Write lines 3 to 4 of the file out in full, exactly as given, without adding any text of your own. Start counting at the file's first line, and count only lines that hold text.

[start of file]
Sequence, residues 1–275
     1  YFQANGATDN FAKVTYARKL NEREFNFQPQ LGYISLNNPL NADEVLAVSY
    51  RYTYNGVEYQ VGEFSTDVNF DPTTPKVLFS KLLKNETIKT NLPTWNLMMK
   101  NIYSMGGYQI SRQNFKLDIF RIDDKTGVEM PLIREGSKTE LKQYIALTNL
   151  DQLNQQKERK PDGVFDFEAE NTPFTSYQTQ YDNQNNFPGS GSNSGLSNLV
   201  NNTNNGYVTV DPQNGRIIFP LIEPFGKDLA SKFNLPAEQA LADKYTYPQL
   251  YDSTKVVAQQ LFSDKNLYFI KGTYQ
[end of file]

    51  RYTYNGVEYQ VGEFSTDVNF DPTTPKVLFS KLLKNETIKT NLPTWNLMMK
   101  NIYSMGGYQI SRQNFKLDIF RIDDKTGVEM PLIREGSKTE LKQYIALTNL